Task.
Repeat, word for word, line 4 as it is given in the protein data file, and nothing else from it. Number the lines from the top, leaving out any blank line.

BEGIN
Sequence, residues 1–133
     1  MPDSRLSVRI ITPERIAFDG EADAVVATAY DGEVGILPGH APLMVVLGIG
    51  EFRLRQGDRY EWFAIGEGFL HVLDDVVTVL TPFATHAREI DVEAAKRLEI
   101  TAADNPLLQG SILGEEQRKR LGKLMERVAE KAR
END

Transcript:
   101  TAADNPLLQG SILGEEQRKR LGKLMERVAE KAR